For instance, fasting allowed me to see just how much I depend on breakfast to start my day “right.” Seems I bought into that “breakfast as the salvation of the modern diet” mentality espoused by the food industry. Lacking food and coffee made my mornings feel empty and unfulfilled. For the first time I saw how incredibly excited I was at the prospect of eating breakfast as I bounded out of bed in the morning. On fast mornings, there is no bounding. I drag my ass to the kitchen and pour myself a glass of water. That’s the highlight of fast mornings. And I discovered that lunch was vital to filling the midday void when I’m at work. Without it I feel bored and slightly uncomfortable. Fasting has allowed me to recognize and work towards overcoming these attitudes, but they still linger.

 

Yesterday was my first fully fasted Thursday in about month due to the holidays. I took advantage of the beautiful day and walked to Borders and browsed the shelves in an attempt to avoid dealing with the fact that it is was lunch hour for chrissakes. The clock seems to tick just a bit slower on fast days. I found myself in the nutrition section looking at some Michael Pollan books. At times it seems my life is a twisted, ironic circus.

 

By the afternoon on a typical fast day my mouth gets dry and cottony. My cold sensitivity is heightened…and this from someone who doesn’t get cold easily.

 

One peculiar mental byproduct of fasting is that I feel crappy-looking. The greatest psychological phenomena of starvation is my sense of invisibility! I lack the vibrant and confident reassurance about myself that usually puts many people off. I have no edge and I feel flat.

 

In spite of all this, I don’t feel physically bad. Just deprived. And insignificant. Or is it this blog? Who knows.

 

That’s the bad.

 

I hope I’m not painting a miserable picture of fasting.

 

If it was as miserable and painful as I’ve made it sound, I wouldn’t continue doing it.
Fasting is one of the most self-empowering things I’ve ever done.
Fasting is the ultimate manipulation of the modern environment. You assert control of food.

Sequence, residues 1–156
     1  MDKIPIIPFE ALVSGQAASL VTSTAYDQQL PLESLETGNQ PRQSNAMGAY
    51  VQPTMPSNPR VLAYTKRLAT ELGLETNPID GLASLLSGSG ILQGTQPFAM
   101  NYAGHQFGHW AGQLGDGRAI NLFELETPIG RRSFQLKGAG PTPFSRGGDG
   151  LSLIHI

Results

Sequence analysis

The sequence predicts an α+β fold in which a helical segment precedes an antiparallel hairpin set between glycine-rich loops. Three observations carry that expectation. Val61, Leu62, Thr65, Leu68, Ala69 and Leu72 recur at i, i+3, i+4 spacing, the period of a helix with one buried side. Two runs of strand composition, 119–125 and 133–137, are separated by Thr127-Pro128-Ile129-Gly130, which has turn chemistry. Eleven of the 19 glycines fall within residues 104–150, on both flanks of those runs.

All you need to do is look around you and it’s easy to see the hold that food has on most people. Refuting this gastric enslavement is to rise above gluttony while proclaiming a disciplined saintliness and asceticism while the lazy spoils of our world beckon humanity into their lazy depths. Fasting is a common and ancient religious tradition believed to help achieve a sense of higher awareness and spirituality.

 

In my case it’s about control of my environment and escaping the “culture of comfort.” Many of my unorthodox habits which I’ll detail in the future center around this concept. One goal of modern man should be that of overcoming the culture of comfort while learning to reign in his exaggerated physical urges. I’ve chosen to fast as a way of overcoming “food,” the most misunderstood and distorted environmental variable plaguing our health today.

 

As I said, fasting is a skill which needs refinement and practice. Coming off a one-month layoff yesterday, I needed a refresher. Other than a cup of coffee in the morning and a cup of tea in the afternoon, I did well. Next Thursday I’ll shoot to keep it to only one cup of either coffee or tea.

 

By dinner time I was pretty damn hungry. Sitting in the bus, I didn’t think about eating, but the minute I walked in my door I pounced on my car keys and sped off to Taco Bell. I ordered 2 tacos and a cheese pizza…the girl obviously flustered by my great looks (or maybe it was the fact the place was packed and the drive thru line stretched into the parking lot) accidentally gave me 4 tacos with the pizza. I didn’t notice this little gift until I opened my bag at home. Ugh. So hungry. I ate everything.

 

That’s the pitfall of fasting…your first meal back needs to be normal. Your fasted voraciousness will steer you to overeat. Which I did, quite happily so. My first meal is normally something simple and home-cooked. Like I said, I need to get back in the groove. Maybe next week.

 

 

Goddamned H2O

A beautifully sunny and mild day. The kind of day I leave the building for a few lunch minutes and sit out on the brick wall on Gower while I watch the cars and a parade of Hollywood’s most illustrious parade by.